Should the UK Move to a Fair-Use Copyright Exception?
International Review of Intellectual Property and Competition Law
In the wake of two major government reviews in the United Kingdom, this paper considers whether there might be advantages, particularly in terms of encouraging innovative creative work, in moving the UK much closer to a position allowing courts to accept a claim of fair use as a general defence to a claim of copyright infringement. Since an EU directive holds UK and European jurisprudence to a specific defence based on enumerated purposes, the arguments in the paper are potentially of more general application beyond UK shores. A comparison is made between the operation of enumerated purposes for fair dealing in the UK and the US approach to copyright exceptions based on fair use, which is spreading internationally. A case is made on the basis of the nature of transformative use of existing expressive work, and noting that encouraging innovative work is part of the EU jurisprudence that has increasing impacted UK courts in recent years, making it by no means impossible to argue for fair use in a UK context, or, indeed, in a wider context.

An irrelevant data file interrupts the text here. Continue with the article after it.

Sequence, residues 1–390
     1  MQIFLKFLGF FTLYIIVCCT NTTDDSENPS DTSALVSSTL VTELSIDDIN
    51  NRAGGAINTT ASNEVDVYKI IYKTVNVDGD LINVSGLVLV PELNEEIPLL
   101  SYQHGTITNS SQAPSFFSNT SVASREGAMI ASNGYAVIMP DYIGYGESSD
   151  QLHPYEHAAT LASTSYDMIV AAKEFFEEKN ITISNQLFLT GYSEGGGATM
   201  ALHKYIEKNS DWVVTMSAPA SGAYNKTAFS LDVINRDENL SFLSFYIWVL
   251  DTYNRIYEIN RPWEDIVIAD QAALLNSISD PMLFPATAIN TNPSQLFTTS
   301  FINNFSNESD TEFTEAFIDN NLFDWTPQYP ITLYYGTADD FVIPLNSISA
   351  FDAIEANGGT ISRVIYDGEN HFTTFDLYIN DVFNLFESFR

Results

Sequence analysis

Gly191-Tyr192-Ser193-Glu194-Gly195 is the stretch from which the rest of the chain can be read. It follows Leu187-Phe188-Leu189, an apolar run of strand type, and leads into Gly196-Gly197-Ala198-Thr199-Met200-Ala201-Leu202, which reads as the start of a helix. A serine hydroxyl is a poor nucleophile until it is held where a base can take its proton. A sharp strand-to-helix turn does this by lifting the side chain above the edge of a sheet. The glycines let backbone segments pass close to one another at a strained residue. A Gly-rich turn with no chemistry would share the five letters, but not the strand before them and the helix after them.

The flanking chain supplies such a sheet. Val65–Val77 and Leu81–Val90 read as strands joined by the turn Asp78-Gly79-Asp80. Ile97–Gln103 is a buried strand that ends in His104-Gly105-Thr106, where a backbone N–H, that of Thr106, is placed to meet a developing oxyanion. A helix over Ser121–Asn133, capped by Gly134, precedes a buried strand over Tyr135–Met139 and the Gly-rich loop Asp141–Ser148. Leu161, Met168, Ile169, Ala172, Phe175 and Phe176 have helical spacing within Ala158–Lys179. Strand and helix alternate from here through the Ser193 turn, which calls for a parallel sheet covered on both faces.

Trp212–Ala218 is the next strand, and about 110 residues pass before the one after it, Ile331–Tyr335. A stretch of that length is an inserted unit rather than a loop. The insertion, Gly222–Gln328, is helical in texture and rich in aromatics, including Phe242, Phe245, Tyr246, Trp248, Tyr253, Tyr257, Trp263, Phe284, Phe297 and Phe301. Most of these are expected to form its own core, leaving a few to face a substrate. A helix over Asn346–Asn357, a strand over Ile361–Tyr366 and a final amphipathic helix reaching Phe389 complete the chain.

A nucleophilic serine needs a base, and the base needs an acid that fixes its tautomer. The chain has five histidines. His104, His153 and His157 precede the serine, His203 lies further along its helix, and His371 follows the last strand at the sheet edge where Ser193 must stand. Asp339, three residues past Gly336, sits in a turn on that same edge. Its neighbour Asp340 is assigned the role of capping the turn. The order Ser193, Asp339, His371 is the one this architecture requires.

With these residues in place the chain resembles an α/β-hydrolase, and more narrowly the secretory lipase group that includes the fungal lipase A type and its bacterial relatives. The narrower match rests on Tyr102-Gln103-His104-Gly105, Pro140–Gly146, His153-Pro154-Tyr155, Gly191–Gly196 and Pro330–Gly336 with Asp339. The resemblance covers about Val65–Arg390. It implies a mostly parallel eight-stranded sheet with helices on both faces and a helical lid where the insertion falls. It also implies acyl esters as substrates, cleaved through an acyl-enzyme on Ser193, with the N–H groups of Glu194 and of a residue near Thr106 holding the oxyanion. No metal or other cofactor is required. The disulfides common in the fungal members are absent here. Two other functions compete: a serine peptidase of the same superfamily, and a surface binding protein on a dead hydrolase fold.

Copyright, Copyright infringement, Copyright exceptions, Fair-use, Fair dealing, EU jurisprudence, UK courts
Dnes, Antony. "Should the UK Move to a Fair-Use Copyright Exception?." International Review of Intellectual Property and Competition Law, vol. 44, no. 4, Number 4/June 2013, p. 418. EBSCOhost, https://search.ebscohost.com/login.aspx?direct=true&AuthType=shib&db=edssjs&AN=edssjs.157B80F9&site=eds-live&scope=site&custid=s5615486